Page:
Bunny Bliss: Knitting My Way to Recovery
How creativity helped me recover after contracting COVID-19 and experiencing "long hauler" symptoms.
For most of my adult life, scissors have been in my hands. I’ve worked as a hairstylist for over 40 years, honing my skills through the decades. Scissors allowed me to provide for my family, keeping a roof over our heads and food on the table. I completed countless hair cuts, colors, and bridal and prom updos, including styling my daughter’s hair for her most important big events. Styling was not only my livelihood, but was my creative outlet, and the one thing that defined me.
Fast forward to 2020, and COVID enters the chat. I, as well as the rest of the world, was struggling with how to complete my work in a way that was safe for myself and my clients. It’s impossible to do hair from a 6 foot distance. My salon closed for several months and I quarantined for my own safety and those around me. During this time, I began to revisit my passion for knitting as a means to cope with my anxiety around the uncertainty caused by the pandemic. Upon reopening, I went back to work, wore a mask, and a face shield, and doused myself in hand sanitizer. Despite my efforts, I still contracted COVID-19.
Many people who got COVID were fortunate enough to experience minor symptoms; I was not so lucky. My heart goes out to the friends and family of those who lost their lives to this terrible virus. I battled COVID for 14 days at home before I was admitted to the hospital. During my hospital stay, my oxygen levels dropped dangerously low and I couldn’t breathe and developed double pneumonia. I was given several cocktails of exploratory drugs that were being tested on patients. The virus caused a blood clot which led to a stroke, further depleting my brain of oxygen. After a lengthy hospital stay, I considered myself lucky to even be alive. For weeks, I was unable to sleep, and experienced other “long hauler” symptoms like hair loss and depression. I was left with both physical and neurological impairment.
I wasn’t able to complete simple tasks like turning on a computer, and I definitely wasn’t able to return to work at the hair salon.This was a particularly tough pill for me to swallow, as I previously lived my life as a very independent and active individual. I would have been absolutely lost without the love and support of my family, who encouraged me to take things one day at a time. I remember the simplest tasks that I enjoyed before my illness became alien concepts. I even had to Google “ should your working yarn be held in your right or left hand”, even though I’ve been knitting since my grandma taught me when I was a little girl.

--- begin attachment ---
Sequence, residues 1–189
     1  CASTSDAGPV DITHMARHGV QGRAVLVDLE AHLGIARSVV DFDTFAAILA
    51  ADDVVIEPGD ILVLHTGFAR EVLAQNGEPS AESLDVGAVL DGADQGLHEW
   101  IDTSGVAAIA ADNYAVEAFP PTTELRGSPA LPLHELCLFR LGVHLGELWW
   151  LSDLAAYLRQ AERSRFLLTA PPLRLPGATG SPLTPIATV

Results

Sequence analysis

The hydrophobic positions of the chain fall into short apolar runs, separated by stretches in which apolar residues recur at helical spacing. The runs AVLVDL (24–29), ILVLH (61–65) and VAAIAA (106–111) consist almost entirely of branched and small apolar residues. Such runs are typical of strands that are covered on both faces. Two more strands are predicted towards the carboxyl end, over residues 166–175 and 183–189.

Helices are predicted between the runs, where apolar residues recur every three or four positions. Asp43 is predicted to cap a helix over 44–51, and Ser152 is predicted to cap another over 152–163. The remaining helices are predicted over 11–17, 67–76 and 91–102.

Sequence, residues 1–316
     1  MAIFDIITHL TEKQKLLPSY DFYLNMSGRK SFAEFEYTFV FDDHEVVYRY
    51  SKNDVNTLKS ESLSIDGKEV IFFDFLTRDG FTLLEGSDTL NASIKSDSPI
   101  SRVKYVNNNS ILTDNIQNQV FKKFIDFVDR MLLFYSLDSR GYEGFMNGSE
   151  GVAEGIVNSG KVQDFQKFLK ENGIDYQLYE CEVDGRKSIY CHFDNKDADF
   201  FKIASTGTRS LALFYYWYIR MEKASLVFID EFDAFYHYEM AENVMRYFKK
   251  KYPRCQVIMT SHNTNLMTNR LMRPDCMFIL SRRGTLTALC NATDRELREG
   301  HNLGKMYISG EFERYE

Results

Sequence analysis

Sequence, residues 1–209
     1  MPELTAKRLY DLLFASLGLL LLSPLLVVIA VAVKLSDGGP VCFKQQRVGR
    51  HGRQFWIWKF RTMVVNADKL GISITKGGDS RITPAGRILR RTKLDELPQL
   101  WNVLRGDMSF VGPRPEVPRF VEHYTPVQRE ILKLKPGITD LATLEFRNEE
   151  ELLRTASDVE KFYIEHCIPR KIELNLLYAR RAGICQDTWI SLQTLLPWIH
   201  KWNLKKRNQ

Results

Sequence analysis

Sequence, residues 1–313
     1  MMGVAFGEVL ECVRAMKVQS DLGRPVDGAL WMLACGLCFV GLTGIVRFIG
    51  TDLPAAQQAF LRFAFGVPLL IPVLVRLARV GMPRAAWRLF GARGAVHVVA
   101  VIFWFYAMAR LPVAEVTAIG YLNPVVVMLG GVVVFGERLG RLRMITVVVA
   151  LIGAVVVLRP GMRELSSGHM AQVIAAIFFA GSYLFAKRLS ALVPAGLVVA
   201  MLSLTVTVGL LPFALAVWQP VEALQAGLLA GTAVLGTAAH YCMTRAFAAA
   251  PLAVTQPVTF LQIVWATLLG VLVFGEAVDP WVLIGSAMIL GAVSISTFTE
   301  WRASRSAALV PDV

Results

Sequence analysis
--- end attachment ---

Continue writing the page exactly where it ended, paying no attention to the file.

Slowly, and with great effort, I began working on the simplest projects. First, a scarf, then I graduated to making hats and blankets. As part of my recovery, my daughter signed us up for an online felting workshop. We had a great time and learned some really unique skills.
I had always wanted to create whimsical, three dimensional creatures that I had seen before from my favorite makers. But I never had the time, since I spent the majority of my days at the hair salon just trying to make ends meet. Despite the devastating negative effects of the pandemic, it has caused some upsides. People began returning to the simple pleasures in life; spending more time with family, and reconnecting with old friends. I joined a book club with my daughter focused on education about feminism, anti-racism, and what it means to be an ally. We all had tough conversations with each other; healing conversations that led to growth and better understanding of one another. Additionally, my once jam-packed calendar was wide open and I picked up my knitting needles and got to work!
Much to my surprise (and delight!), these adorable visions that only lived in my imagination now sprang forth from my needles into my hands. My first knit creation was a bunny, my favorite animal and a symbol of innocence and joy. I added playful details using my newfound felting skills. Slippers and unicorn horns were magically sculpted from the wool fibers. Before I knew it I’d made five bunnies, then ten, then twenty. They were all different colors and had diverse, playful personalities and accessories. The collection even includes a rainbow heart bunny and two grooms and two brides to celebrate Pride this month!
Filling my days with this new creative outlet brought me much joy and inspiration. I began to focus more on the positive, and knitting helped me regain my cognitive skills through repetition and following a pattern. While my craft once included shears and a comb, my arsenal is now filled with Fiskars scissors, yarn, and felting needles. I even opened my first Etsy shop! The calming stability of knitting row after row aided with my return to the new normal. Nearly a year after my hospitalization, I’m happy to report that the worst of my symptoms are behind me, and I’m feeling happy and healthy. I’m hopeful that these charming critters will help to brighten others’ lives and put a smile on their face, just as they’ve done for me.